The performance of variable-frequency drives (VFDs) can be compared with that of other methods of volume control quickly and simply. All that you need are:

  • Motor horsepower.

  • The alternative to VFD control (inlet guide vane, outlet damper, “ride the fan curve,” bypass damper, discharge valve, bypass valve, no control).

  • The total hours of operation per year (8,760 maximum).

  • The cost per kilowatt-hour of electricity.

Step 1. Convert motor horsepower to kilowatts:
__ hp × 0.746 = ____ kw1

Step 2. Multiply VFD power ratio (Table 1) by the product of Step 1:
___ ratio × ____ kw1 = ____ kw2 (using VFD)

Step 3. Multiply the power ratio of the alternative control method (Table 1) by the product of Step 1:
___ ratio × ____ kw1 = ____ kw3 (using alternative method)

Step 4. Subtract the product of Step 2 from the product of Step 3:
____ kw3 - ____ kw2 = ____ kw4 (savings using VFD)

Step 5. Multiply the product of Step 4 by the total hours of operation per year by the cost per kilowatt-hour of electricity:
____ kw4 × ____ hr × $___ per kwh = $_____ (annual savings using VFD)1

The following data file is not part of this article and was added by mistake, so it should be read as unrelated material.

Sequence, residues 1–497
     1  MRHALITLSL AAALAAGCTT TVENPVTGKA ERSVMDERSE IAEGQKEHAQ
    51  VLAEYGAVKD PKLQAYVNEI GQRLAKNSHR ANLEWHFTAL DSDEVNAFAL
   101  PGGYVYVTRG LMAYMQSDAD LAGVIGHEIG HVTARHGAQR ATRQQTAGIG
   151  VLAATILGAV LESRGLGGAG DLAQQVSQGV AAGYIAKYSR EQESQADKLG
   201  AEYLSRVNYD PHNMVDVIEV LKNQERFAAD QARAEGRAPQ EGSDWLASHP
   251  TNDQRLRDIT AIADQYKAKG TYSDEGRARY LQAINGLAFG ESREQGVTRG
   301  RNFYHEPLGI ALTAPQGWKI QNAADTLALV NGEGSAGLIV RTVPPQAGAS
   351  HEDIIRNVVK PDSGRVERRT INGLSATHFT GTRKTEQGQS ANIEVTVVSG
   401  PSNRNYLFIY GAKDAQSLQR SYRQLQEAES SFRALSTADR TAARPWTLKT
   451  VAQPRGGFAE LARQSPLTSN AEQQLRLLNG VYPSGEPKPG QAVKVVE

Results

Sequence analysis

EXAMPLE

A 60-hp fan motor operates 24 hr a day, or 8,760 hr a year, “riding the fan curve” for variable-volume control. The local utility charges 12 cents per kilowatt-hour.

  • Step 1: 60 hp × 0.746 = 44.76 kw1

  • Step 2: 0.28 ratio × 44.76 kw1 = 12.53 kw2

  • Step 3: 0.88 ratio × 44.76 kw1 = 39.39 kw3

  • Step 4: 39.39 kw3 - 12.53 kw2 = 26.86 kw4

  • Step 5: 26.86 kw4 × 8,760 hr × $0.12 per kwh = $28,235 (annual savings)

NOTE

1) This is only an estimate based on averages and assumptions. Additional savings, such as power-factor improvement to 0.98 and reduced demand charges, also should be considered.


Yaskawa Electric America Inc., headquartered in Waukegan, Ill., is a manufacturer of HVAC variable-frequency drives and configured packages.